Universities warned to ‘up their game’ in supporting disadvantaged students

Universities have been warned they must “up their game” and help disadvantaged students as new data reveals the wide gulf in pupils’ chances studying for a degree.

Education Secretary Gavin Williamson has warned institutions they must do more to recruit poorer students and cut drop out rates, arguing that “wasted potential” must not go unchecked.

University leaders said that institutions are “redoubling efforts” to improve access and retention to degree courses.

Education Secretary Gavin Williamson
Education Secretary Gavin Williamson has warned institutions they must do more to recruit poorer students and cut drop out rates (Joe Giddens/PA)

In one in 10 local areas in England, fewer than a quarter of state school teenagers go on to study for a degree, according to a PA news agency analysis of new official data.

The experimental figures, published by the Office for Students (OfS), show that nationally, state school pupils from the most advantaged areas of England are almost two-and-a-half (2.4 times) more likely to go on to higher education than those living in the most disadvantaged parts of the country.

The data divides England into 6,764 local areas and calculates the higher education participation rate of mainstream state school pupils living in each place.

PA’s analysis shows that in 655 of these areas (9.7%) fewer than 25% of pupils go on to university.

In just 0.3% of local areas (20 places) more than three quarters (75%) of pupils go on to study for a degree.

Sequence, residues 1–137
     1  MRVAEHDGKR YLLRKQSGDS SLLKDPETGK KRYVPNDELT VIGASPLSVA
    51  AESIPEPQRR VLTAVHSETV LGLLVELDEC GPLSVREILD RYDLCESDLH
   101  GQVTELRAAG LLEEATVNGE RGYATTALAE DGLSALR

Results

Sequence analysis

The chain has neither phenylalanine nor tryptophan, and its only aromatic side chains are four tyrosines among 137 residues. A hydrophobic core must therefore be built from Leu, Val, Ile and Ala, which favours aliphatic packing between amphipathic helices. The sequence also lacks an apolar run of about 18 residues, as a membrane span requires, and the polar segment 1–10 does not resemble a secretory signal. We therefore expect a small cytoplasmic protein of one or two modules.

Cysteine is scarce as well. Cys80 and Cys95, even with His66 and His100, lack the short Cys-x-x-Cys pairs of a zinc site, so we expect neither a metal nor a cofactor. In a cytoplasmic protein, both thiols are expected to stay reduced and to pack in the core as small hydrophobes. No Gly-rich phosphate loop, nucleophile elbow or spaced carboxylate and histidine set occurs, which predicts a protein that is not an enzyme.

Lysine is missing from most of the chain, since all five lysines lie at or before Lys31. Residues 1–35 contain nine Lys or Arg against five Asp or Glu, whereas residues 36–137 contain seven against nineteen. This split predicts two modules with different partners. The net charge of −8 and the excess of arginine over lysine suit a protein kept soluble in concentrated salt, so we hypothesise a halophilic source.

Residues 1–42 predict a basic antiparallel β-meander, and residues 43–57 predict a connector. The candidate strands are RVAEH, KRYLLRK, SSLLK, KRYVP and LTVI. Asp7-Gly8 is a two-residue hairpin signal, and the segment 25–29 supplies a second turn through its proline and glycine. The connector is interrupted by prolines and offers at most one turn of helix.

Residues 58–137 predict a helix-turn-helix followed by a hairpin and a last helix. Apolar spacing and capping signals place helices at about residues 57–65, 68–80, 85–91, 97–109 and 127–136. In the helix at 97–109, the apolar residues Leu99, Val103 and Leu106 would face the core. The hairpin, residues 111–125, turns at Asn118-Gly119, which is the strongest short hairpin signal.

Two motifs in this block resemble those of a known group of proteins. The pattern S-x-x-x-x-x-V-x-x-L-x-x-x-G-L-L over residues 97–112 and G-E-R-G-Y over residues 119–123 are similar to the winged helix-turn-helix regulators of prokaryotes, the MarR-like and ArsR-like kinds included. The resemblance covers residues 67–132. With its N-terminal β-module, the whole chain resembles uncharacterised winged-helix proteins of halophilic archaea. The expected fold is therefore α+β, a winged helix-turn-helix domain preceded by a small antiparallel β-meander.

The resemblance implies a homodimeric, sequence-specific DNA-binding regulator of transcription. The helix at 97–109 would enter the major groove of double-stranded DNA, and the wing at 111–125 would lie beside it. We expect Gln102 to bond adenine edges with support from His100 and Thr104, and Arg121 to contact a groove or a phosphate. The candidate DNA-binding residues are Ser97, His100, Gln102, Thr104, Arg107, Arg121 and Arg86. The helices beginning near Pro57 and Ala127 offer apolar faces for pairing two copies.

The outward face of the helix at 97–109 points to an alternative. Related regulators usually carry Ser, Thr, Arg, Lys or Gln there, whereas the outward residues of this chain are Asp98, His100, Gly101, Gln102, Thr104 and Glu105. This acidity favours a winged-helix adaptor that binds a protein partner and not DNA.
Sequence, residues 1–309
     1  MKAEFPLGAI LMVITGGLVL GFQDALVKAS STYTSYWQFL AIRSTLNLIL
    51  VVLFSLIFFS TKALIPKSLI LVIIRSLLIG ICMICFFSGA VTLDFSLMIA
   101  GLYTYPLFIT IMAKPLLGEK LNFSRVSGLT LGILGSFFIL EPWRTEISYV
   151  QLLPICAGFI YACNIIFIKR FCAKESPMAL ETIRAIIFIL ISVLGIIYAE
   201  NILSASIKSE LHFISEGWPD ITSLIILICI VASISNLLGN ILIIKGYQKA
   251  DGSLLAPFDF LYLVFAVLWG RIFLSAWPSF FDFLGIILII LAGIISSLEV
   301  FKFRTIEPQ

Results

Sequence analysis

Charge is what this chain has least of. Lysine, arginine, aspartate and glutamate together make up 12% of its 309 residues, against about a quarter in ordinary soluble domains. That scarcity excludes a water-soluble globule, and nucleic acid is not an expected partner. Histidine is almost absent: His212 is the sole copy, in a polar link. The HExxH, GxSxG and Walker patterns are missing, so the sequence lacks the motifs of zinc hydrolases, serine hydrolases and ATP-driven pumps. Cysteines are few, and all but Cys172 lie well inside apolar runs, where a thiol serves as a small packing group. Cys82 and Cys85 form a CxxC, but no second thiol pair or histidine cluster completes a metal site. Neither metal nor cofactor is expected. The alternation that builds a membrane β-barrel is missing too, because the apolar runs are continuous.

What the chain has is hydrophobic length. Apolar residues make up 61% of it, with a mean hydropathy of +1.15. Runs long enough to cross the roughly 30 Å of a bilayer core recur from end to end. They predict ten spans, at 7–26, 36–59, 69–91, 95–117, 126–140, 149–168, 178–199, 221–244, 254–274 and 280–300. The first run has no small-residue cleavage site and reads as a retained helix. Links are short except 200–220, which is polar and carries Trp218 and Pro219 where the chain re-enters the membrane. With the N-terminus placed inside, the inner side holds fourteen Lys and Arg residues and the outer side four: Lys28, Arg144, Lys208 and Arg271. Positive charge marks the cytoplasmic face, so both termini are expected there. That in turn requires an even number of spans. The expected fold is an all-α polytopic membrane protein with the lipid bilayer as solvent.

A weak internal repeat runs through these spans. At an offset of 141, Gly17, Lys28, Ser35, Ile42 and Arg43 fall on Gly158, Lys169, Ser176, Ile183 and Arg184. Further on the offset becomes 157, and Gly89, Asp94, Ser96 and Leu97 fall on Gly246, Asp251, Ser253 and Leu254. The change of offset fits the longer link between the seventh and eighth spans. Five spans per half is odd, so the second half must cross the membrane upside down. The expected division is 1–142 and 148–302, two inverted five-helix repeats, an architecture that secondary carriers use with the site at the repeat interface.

Mr Williamson said universities need to make more progress on improving access and participation.

“It is not good enough that white working class boys are far less likely to go to university and black students are far less likely to complete their courses than others,” he said.

“We cannot let this wasted potential go unchecked any longer.

“I am pleased to see the work that some universities are doing. It was a privilege to address vice-chancellors on this important issue at the recent UUK conference, but disparity remains a problem.

“I want all universities, including the most selective, to do everything they can to help disadvantaged students access a world-class education, but they also need to keep them there and limit the numbers dropping out of courses. My message is clear – up your game and get on with it.”

Separate figures published by admissions service Ucas, show that in 2017, 43.3% of young people in England had gone on to study for a degree by age 19.

Government statistics published earlier this year show that in 2016/17, disadvantaged students were more likely to drop out of university in their first year than their more advantaged peers (8.8% compared to 6% of full-time degree students aged under 21).

Professor Julia Buckingham, president of vice-chancellors’ group Universities UK, said: “Universities share the Government’s desire to help disadvantaged students access a world-class education and ensure that all students are supported to succeed during their studies.

“Progress is being made, with 18-year-olds from the most disadvantaged areas in England more likely to go to university than ever before.

“However, we know there is more work to do and universities are redoubling efforts to improve access and support retention. Universities have recently set themselves even more ambitious targets to improve equality of opportunity in their new access and participation plans in England. Universities UK has also published recommendations on how universities can address gaps in attainment for BAME (black, Asian and minority ethnic) students as well as drop-out rates.

“Universities are also calling on the Government to prioritise policies to quicken the progress by reintroducing maintenance grants for students most in need, helping reduce drop-out rates and financial barriers to university.”

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